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Search for Information: Search Strategy

How to search effectively in Library resources for retrieving relevant information

Research is an iterative process so you may find that you need to go back and forth through the steps before settling on a research question.

search strategy schema

As a part of a research strategy, there are several steps that you should do every time you start an assignment. 

  1. Understand the details, limits, and requirements of the assignment.
  2. Determine if you need a research question or a hypothesis
  3. Write a good research question or hypothesis

Research Question Or Hypothesis

According to Allen (2017) "Research questions explore tentative relationships between variables and represent the basic research interests...Ultimately, research questions are a statement of what the researcher wants to know about or understand upon the completion of the study." A research question usually doesn't make generalizations or predictions. However, a hypothesis is statement that is an educated guess that uses past knowledge to predict what will happen to the variables in the study usually this is used for quantitative studies. The similarity is that both will require you to do some background research to determine if either is "good" for your assignment.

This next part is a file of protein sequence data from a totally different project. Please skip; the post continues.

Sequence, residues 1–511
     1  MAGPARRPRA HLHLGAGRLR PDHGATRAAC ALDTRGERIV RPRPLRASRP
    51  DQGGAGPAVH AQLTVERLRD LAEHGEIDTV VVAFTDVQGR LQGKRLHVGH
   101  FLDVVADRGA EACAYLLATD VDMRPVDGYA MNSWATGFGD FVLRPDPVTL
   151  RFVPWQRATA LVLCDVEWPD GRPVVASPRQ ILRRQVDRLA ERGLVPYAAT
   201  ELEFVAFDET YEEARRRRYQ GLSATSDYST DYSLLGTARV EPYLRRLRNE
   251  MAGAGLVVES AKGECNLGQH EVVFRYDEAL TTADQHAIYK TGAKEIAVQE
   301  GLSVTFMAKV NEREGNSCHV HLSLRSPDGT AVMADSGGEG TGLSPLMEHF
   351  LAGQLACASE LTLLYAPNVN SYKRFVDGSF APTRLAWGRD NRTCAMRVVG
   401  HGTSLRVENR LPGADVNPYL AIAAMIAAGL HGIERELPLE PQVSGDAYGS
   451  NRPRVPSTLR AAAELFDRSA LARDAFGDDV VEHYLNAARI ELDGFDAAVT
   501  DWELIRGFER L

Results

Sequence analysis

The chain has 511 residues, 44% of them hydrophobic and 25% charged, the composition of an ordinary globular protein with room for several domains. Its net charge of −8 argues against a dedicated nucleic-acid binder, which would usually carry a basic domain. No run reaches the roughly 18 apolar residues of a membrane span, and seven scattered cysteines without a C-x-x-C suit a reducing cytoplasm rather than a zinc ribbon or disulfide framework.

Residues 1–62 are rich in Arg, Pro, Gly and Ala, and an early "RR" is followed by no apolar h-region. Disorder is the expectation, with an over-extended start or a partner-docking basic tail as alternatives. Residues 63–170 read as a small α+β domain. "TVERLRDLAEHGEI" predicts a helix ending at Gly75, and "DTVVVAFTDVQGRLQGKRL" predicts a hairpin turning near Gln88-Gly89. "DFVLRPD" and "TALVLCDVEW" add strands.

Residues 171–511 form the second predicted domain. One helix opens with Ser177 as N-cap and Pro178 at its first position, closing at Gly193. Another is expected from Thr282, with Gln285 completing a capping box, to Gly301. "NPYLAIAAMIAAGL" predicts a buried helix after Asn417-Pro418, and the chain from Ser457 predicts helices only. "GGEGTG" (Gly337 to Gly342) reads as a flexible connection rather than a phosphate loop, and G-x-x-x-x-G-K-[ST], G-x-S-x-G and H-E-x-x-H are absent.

"Good" Research Questions or Hypothesis

Answer the questions to determine if your question or hypothesis is FINER. That is the characteristics of a "good" question or hypothesis for your assignment. 

Characteristic Ask Yourself
Feasible
  • Can you complete the assignment on time?
  • Is there enough available information on your topic?
  • Can you get enough participants?
  • Do you have enough financial resources?
Interesting
  • Do you enjoy your topic?
  • Will your audience?
Novel
  • Is the topic already discussed in the literature?
  • Does your research fill a knowledge gap?
Ethical
  • Did you get the consent of participants?